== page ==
Biliary tract neoplasms: update 2003

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Purpose of review

Biliary tract neoplasm is one of the most aggressive malignancies, with a very poor prognosis. Most cancers of the biliary tract will have grown beyond the limits of curative resection by the time they become clinically evident. This reality has fostered therapeutic nihilism, and most physicians and surgeons, in their pessimism, have to run ambitious trials evaluating new diagnostic tools and therapeutic techniques in this disease.

Recent findings

Advances in imaging over the period of the last 5 years now allow for earlier diagnosis and better surgical planning. Recent improvements in operative technique have substantially improved the outlook of patients with this cancer. Palliative management of obstructive disease recently has been improved with the advent of photodynamic therapy. Among the different drugs tested in this disease, gemcitabine seems to have the best efficacy:toxicity ratio. However, efficacy results remain disappointing, and combination schedules need to be developed to improve the results. Among them, the gemcitabine-oxaliplatin combination seems to be one of the most promising schedules. Biological studies, especially those evaluating mutation-independent activation of the Hedgehog pathway, have provided interesting information on the carcinogenesis of this rare tumor. Furthermore, these results bring us the opportunity of development of future targeted therapies in biliary tract cancer.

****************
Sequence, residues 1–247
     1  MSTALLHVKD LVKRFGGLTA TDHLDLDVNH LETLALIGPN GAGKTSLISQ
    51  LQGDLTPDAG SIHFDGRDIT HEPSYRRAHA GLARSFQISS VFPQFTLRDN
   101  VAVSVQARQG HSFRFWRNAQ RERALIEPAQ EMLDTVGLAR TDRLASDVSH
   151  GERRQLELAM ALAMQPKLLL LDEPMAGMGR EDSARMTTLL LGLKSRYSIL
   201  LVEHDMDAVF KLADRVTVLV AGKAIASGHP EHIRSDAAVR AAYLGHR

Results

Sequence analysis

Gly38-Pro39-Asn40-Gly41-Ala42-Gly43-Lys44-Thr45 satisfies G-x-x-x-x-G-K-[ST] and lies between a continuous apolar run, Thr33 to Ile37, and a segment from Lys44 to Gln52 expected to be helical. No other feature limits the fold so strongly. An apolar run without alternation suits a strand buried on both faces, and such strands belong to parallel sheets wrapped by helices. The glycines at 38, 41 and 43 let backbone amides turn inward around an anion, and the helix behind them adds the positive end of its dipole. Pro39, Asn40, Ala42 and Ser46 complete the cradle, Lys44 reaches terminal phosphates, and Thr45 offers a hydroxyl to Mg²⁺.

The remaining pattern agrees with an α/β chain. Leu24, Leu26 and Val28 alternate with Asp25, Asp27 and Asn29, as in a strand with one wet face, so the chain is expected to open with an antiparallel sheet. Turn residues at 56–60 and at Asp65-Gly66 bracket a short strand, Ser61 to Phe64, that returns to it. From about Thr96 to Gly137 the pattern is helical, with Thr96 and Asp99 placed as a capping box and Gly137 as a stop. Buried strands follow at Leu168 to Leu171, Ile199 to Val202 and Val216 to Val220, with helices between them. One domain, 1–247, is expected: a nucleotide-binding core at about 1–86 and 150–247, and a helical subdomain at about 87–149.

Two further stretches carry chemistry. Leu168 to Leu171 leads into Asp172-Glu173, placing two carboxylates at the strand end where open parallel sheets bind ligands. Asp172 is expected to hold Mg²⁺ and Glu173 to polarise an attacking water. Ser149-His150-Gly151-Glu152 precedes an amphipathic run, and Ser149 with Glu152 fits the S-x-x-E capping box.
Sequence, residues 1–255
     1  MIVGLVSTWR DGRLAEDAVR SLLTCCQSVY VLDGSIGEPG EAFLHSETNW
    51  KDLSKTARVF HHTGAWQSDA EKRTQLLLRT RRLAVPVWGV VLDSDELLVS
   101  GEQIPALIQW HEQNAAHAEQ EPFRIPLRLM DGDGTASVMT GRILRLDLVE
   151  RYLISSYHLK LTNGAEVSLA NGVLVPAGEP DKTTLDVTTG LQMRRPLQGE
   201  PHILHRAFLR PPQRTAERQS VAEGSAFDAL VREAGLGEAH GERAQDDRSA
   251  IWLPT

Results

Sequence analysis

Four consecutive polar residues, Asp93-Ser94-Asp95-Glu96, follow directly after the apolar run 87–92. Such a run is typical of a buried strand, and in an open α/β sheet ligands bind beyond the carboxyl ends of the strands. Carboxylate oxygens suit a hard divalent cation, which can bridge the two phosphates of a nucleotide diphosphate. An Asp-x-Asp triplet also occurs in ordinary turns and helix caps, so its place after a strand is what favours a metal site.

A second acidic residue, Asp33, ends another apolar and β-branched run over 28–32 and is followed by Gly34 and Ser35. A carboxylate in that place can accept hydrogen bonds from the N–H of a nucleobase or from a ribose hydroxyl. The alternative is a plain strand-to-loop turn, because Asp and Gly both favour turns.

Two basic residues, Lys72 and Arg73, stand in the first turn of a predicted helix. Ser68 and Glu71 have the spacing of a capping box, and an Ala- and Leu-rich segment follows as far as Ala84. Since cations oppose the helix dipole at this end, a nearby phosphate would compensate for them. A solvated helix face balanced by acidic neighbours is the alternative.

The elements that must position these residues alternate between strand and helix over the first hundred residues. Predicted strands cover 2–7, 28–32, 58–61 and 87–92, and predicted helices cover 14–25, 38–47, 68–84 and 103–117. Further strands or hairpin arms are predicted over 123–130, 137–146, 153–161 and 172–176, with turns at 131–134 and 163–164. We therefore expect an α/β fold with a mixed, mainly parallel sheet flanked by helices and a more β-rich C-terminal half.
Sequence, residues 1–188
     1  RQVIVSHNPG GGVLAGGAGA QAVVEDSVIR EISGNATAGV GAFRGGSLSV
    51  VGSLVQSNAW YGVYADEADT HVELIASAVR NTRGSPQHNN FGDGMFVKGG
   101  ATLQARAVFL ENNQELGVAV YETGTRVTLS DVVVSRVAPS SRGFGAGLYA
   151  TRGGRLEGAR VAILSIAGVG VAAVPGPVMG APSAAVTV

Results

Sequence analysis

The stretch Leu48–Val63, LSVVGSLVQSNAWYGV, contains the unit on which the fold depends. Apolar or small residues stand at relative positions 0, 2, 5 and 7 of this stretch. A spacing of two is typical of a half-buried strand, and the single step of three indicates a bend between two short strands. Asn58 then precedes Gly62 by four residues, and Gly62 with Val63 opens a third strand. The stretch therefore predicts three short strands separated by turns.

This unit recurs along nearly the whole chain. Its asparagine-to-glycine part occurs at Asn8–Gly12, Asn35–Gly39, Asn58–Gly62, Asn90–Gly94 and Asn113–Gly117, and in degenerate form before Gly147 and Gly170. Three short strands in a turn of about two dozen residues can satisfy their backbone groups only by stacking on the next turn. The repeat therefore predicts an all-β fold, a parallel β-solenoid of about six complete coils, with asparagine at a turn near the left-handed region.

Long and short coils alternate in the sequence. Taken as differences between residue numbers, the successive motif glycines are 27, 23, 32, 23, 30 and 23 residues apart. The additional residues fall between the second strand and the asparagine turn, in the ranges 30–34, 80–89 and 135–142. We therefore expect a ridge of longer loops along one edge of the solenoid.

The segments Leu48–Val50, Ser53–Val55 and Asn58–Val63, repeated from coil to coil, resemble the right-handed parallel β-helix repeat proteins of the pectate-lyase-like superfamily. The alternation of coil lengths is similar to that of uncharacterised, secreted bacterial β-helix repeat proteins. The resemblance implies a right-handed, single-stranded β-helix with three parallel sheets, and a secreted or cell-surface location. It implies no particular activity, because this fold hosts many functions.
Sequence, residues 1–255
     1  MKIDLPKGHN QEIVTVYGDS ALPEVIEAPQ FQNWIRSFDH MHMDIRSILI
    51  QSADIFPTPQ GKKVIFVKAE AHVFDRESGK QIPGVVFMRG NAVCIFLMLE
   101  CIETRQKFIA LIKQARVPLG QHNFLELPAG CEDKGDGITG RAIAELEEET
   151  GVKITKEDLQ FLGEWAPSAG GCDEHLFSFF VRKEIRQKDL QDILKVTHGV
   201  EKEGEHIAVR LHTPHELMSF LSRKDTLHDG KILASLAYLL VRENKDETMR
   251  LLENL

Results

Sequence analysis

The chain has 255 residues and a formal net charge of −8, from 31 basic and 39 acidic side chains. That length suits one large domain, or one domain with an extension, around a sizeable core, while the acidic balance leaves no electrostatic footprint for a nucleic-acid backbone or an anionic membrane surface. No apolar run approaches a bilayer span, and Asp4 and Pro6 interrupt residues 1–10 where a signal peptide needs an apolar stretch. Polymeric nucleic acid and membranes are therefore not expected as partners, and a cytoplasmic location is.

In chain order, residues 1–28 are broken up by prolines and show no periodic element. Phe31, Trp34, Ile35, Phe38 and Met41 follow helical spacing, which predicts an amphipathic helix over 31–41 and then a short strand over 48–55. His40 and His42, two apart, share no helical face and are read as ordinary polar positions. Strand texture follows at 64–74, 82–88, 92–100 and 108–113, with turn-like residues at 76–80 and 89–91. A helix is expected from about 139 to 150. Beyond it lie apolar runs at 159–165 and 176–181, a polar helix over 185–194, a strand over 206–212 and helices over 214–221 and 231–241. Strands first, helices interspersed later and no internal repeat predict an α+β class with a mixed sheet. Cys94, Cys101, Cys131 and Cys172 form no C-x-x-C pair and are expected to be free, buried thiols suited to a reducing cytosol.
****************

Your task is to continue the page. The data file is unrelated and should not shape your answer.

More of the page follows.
Biliary tract neoplasm remains one of the most aggressive malignancies. However, as for other gastrointestinal malignancies, biological studies and diagnostic and therapeutic improvements have provided interesting results that could lead to a major improvement in the prognosis of this disease.

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